WJ School History


From the opening of Walter Johnson High School in 1956 to the present day, both the school and its surroundings have undergone constant change. The first Spartans, the cutting edge of the Baby Boom, could not have foreseen a future enrollment decline which would result in the 1987 merger with neighboring Woodward High School. Early graduates remember fondly the cows grazing in the misty meadows each morning. Later graduates would see office buildings and shopping malls, their only reminder of the former pastoral setting being the chimney portrait of "Mighty Moo."

On a sad note, we must inform you that the portrait of Mighty Moo, that exquisite prank of the 1963 seniors, was inadvertently painted over a few years ago. There is a rumor that she may reappear after their 40th reunion...any volunteers?

"What's past is prologue." The prologue here is Walter Johnson's past, not a long past, but one characterized by a growing, changing student body. The spirit of the first years carries through today in the mood and activity of the school. The feeling of newness, of the novelty of the farm and the fields, and the pride of the first students displays itself in all of the events and evolving traditions of WJ.


Certain activities and slogans established themselves with the first graduating class. The fight song and the Green and White remain unchanged, but the Spartan gave way to the Wildcat during the merger with Woodward. The Homecoming dance and the Senior Prom are still major social events, but the Sno-Ball and the Junior-Senior Prom have fallen by the wayside. The Plaque, given by the first Senior Class in 1958, inspired a ritual: sophomores who committed the despicable crime of stepping on this brass Spartan head might find themselves polishing it. The idea for the plaque is said to have come from the James Dean movie "Rebel Without a Cause."

Other changes would be noted if early graduates came back to WJ today. The school day now begins at 7:25 a.m. and ends at 2:10 p.m. The expanded parking lot is apt to contain not the old clunkers and family wagons of old, but Hondas, Toyotas and even the occasional Mercedes-Benz. The dress code is much more relaxed. T-shirts and cut-off jeans are acceptable for both male and female. At lunch time, students no longer wolf down their cafeteria food during one of the three 20-minute lunch periods, as in the early days. Nor can they amble home for a nap, or whatever, in the 1½ hr. break of the 1970's. Today, students can be seen barreling out of the parking lot for a 50-minute "Open Lunch" at Giant grocery store, Montgomery Mall or one of the many fast food joints on Rockville Pike.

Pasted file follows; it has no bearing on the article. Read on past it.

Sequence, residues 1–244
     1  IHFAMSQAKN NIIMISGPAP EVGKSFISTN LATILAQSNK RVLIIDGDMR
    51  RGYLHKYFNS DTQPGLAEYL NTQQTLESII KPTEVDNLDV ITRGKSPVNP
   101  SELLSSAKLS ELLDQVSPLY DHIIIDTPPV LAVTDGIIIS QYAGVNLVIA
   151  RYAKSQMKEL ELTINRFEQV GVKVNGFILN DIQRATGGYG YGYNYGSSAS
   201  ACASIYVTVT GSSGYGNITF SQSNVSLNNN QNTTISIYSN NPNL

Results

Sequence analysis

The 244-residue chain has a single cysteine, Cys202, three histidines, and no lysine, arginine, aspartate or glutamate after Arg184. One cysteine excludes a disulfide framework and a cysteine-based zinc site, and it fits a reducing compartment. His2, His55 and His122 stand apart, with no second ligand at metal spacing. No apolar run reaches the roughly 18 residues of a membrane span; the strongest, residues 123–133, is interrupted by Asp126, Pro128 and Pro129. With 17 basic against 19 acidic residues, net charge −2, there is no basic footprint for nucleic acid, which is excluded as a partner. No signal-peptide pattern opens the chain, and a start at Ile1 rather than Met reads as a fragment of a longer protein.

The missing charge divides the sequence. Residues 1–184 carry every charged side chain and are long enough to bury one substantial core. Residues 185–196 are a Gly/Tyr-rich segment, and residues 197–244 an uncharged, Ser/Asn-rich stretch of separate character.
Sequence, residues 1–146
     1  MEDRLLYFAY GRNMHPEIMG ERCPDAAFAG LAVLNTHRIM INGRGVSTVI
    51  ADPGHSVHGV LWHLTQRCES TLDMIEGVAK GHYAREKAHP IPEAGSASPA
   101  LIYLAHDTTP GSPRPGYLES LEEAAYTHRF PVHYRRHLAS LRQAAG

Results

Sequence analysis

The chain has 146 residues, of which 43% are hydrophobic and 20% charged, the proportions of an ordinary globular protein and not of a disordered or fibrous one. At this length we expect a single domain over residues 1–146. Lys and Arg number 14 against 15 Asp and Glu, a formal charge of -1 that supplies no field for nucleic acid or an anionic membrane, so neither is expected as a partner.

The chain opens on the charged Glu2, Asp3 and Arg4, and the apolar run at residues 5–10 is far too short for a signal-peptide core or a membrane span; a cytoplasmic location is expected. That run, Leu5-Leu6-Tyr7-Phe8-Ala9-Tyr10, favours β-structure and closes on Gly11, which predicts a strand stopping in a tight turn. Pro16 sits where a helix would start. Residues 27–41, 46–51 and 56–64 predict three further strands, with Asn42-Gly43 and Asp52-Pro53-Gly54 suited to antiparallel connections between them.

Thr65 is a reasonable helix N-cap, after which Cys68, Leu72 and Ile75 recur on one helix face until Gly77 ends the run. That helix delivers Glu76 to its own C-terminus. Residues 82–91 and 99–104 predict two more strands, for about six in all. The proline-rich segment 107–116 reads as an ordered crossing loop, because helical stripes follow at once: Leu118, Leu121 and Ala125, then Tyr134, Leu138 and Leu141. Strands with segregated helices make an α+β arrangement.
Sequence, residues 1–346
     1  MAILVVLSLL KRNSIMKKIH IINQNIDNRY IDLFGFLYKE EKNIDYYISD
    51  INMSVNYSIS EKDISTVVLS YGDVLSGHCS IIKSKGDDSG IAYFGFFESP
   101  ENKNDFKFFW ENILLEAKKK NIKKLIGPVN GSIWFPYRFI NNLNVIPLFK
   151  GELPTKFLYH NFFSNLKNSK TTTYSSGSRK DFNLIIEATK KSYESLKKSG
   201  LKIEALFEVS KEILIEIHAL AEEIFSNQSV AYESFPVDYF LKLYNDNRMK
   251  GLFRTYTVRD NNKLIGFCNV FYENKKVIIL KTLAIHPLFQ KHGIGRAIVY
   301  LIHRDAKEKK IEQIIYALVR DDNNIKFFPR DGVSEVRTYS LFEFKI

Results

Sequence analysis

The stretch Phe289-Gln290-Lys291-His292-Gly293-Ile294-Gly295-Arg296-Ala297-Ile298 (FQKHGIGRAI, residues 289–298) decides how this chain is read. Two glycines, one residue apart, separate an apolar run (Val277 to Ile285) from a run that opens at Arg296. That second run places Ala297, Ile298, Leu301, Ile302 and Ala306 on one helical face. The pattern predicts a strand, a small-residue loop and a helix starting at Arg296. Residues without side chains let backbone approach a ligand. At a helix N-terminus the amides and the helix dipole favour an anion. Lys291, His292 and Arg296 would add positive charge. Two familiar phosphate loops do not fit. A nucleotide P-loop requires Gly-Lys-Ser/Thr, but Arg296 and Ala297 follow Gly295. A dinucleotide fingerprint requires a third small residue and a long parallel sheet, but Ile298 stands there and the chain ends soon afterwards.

A 1958 graduate would also be surprised to find 9th graders at WJ. The junior high has also been replaced by the middle school, grades 6-8, and the elementary is now grades K-5. The long-standing rivalry with B-CC is still fierce, but newer schools, Whitman and Churchill, have been added to the list of foes. There are no more "laps" around the Hot Shoppe parking lot after games and dances because it has been replaced by two towering office buildings. But some things never change: Great Falls is still a favorite destination on Senior Skip Day every spring.

The traditional baseball theme has not only survived but been expanded as evidenced below.

  • The Windup-the yearbook
  • The Pitch-the newspaper
  • The Spectator-the literary magazine
  • The Big Train-the PTSA newsletter
  • The Lineup-the student directory
  • Designated Hitters-peer tutors aiding classroom teachers
  • Home Plate-the WJ Website

The size of the student body has varied considerably over the years. From only two classes and 600 students, WJ grew to 2,200 students and a graduating class of over 700 in 1967, necessitating the construction of Woodward High School less than a mile down Old Georgetown Road. Along the way, 16 rooms were added in 1960 and ten more in 1964. Renovations in the mid-70's included the addition of a second gym and a theater/auditorium.


By the time of the merger with Woodward in 1987, each school held some 900 students. With the combined and enlarged student body at WJ, other changes were made. The official mascot became the Wildcat, whose visage was installed beside every Spartan on the premises. New lockers, more trophy cases and seven portable classrooms were also added.